In This Edition
- Pay-for-performance associated with limited benefits on quality in acute myocardial infarction patients.
- Meta-analysis finds increased risk of acute myocardial infarction with use of rosiglitazone.
- Rosiglitazone increases risk of heart failure, but not acute myocardial infarction or death, interim analysis shows.
- Surgery versus prolonged conservative treatment for severe sciatica.
- Predicting poor outcomes in upper gastrointestinal bleeds.
- Discharging patients with unresolved medical issues.
Background: In 2003, the Centers for Medicare and Medicaid Services (CMS) instituted a pay-for-performance (P4P) pilot program in which participating hospitals would be reimbursed more if they met specific quality standards of care for patients with certain conditions, including acute myocardial infarction (AMI). It is unknown if this type of financial incentive produces improvements in the processes or outcomes of care.
Study design: Observational cohort.
Setting: 500 hospitals across the U.S.
Synopsis: This study compared compliance with CMS quality indicators in the treatment of more than 100,000 patients with acute non-ST-elevation myocardial infarction at 54 participating and 446 non-participating hospitals in the P4P pilot. They found no significant difference in mortality or in a composite measure of the six quality indicators but a slight improvement in two of the six quality indicators (aspirin at discharge and smoking cessation counseling). They did not find that P4P adversely affected indicators not subject to financial incentives.
Bottom line: P4P is associated with limited improvements in compliance with CMS quality indicators in patients with AMI.
Citation: Glickman SW, Ou F-S, DeLong ER, et al. Pay for performance, quality of care, and outcomes in acute myocardial infarction. JAMA. 2007 Jun;297(21):2373-2380.
Background: Rosiglitazone (Avandia) is one of two approved oral thiazolidinedione drugs used for diabetic control. Muraglitazar, another thiazolidinedione drug, was not approved for market due to adverse cardiovascular outcomes. The cardiovascular effects of rosiglitazone had not previously been evaluated.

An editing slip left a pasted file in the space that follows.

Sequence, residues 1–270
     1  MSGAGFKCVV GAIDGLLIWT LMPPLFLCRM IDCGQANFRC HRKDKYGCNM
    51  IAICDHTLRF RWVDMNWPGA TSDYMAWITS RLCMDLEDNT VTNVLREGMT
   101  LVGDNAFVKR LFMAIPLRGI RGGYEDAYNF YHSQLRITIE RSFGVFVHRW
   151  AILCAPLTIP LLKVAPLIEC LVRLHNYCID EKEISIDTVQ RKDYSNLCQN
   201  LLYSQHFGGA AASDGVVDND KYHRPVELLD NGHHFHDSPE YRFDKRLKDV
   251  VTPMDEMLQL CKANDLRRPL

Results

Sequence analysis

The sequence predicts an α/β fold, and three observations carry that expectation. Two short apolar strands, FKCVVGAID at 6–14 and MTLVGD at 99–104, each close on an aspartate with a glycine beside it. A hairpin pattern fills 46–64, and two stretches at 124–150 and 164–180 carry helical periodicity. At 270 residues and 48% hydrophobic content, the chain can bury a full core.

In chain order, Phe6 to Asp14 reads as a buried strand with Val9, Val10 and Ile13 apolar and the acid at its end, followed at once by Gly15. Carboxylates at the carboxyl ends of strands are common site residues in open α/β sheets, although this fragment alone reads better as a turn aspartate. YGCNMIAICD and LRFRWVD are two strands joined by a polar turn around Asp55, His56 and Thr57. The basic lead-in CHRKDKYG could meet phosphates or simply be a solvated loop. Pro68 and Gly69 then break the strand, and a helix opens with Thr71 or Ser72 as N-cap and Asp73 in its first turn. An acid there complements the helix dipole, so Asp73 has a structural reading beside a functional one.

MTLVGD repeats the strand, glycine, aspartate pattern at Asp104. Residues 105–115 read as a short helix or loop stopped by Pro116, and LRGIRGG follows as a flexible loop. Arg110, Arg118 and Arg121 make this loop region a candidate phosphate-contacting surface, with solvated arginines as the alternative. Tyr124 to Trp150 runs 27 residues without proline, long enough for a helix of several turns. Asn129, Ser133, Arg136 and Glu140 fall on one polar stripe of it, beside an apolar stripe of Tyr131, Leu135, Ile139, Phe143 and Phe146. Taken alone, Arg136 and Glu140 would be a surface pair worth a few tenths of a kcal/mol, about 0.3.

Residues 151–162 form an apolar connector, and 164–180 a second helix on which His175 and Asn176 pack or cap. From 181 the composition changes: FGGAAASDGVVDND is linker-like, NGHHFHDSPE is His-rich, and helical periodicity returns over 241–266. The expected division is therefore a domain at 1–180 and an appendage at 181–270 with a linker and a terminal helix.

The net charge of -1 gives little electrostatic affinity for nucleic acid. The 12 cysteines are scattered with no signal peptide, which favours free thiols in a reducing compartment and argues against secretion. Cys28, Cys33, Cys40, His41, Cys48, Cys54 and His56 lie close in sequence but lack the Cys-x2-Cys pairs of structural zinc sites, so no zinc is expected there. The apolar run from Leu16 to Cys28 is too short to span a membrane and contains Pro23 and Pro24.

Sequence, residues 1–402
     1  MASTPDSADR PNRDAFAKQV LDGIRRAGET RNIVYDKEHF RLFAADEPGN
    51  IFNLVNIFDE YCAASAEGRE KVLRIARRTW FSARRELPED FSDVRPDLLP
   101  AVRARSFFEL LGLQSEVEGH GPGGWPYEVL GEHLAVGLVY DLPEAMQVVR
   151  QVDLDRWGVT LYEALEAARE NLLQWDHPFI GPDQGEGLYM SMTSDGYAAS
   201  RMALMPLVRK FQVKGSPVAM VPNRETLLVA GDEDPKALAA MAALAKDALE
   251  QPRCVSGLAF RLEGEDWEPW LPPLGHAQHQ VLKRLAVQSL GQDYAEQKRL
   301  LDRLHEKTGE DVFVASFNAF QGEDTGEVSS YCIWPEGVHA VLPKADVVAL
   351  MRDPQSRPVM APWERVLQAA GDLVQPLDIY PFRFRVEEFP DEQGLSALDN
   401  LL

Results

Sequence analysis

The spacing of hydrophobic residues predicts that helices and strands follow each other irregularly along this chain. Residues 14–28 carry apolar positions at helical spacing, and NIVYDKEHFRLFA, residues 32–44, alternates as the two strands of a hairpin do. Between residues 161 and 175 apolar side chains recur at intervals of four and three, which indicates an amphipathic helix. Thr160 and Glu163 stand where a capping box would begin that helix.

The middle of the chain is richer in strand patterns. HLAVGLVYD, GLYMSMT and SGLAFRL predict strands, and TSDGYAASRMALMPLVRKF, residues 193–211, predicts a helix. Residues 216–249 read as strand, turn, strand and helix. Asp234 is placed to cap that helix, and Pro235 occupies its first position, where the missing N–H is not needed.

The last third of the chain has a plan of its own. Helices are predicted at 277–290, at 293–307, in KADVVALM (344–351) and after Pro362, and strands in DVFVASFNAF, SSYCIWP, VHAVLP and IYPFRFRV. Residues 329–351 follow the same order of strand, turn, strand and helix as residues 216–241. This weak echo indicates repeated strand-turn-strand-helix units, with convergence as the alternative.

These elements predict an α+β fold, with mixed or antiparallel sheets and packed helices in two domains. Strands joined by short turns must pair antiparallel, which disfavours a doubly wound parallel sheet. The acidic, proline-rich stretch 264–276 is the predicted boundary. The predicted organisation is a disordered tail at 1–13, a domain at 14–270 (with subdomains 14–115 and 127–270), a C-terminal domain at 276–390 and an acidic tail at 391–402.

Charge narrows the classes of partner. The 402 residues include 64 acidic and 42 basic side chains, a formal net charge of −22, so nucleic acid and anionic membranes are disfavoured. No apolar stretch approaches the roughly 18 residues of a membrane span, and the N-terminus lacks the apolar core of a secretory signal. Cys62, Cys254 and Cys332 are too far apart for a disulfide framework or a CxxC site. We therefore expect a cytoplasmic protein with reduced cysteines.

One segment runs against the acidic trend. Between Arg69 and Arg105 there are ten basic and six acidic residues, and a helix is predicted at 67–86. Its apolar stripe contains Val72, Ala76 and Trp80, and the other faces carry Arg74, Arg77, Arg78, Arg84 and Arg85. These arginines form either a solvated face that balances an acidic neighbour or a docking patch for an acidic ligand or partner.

Study design: Meta-analysis.
Setting: All clinical trials (published and unpublished) involving rosiglitazone.
Synopsis: The authors reviewed data from all randomized trials of rosiglitazone versus placebo or other drugs for at least 24 weeks. From the 42 included trials (including more than 28,000 patients) researchers found a statistically significant increased risk of the odds of AMI (odds ratio 1.43, confidence interval 1.03-1.98) in the rosiglitazone group, and a non-significant risk of death from any cardiovascular cause (odds ratio 1.64, confidence interval 0.98-2.74) and all-cause mortality (odds ratio 1.18, confidence interval 0.89-1.55). The meta-analysis was criticized due to the small number of events (fewer than 100 acute AMIs in each group) and lack of patient-level data, but one expert wrote that “in view of the potential cardiovascular risks and in the absence of evidence of other health advantages ... the rationale for prescribing rosiglitazone at this time is unclear.”
The study raised larger concerns regarding Food and Drug Administration drug approvals, because the drug was approved due to its effect on lowering blood sugar levels (a surrogate outcome) without enough scrutiny of other patient outcomes.
Bottom line: Rosiglitazone is associated with increased risk of AMI. Alternative oral agents should be considered first for blood sugar control in diabetics.
Citation: Nissen SE, Wolski K. Effect of rosiglitazone on the risk of myocardial infarction and death from cardiovascular causes. N Engl J Med. 2007 Jun;356(24):2457-2471.
Editorial: Psaty BM, Furberg CD. Rosiglitazone and cardiovascular risk. N Engl J Med. 2007 Jun;356(24):2522-2524.
Background: In response to a meta-analysis, an interim analysis of an ongoing open-label manufacturer-sponsored trial was undertaken to determine the cardiovascular risks of rosiglitazone.
Study design: Unplanned interim analysis of a randomized, multicenter, open-label, non-inferiority trial.
Subjects: Outpatient, inadequately controlled type 2 diabetics.
Synopsis: This was an unplanned interim analysis of an open-label manufacturer-sponsored trial. There were 4,447 inadequately controlled type 2 diabetics on either metformin or sulfonylurea. The patients were randomized to receive both drugs (controls) or add-on rosiglitazone. After a mean follow up of 3.75 years, there was no statistically significant difference between the groups in the primary end point (hospitalization or death from cardiovascular causes), or other end points (MI and death from cardiovascular causes or any cause). However, rosiglitazone was associated with an increased risk of heart failure (hazard ratio 2.15, confidence interval 1.30-3.57). Because this was an unplanned interim analysis for a trial expected to continue for six years, experts caution that the results are inconclusive due to low statistical significance and small event rates.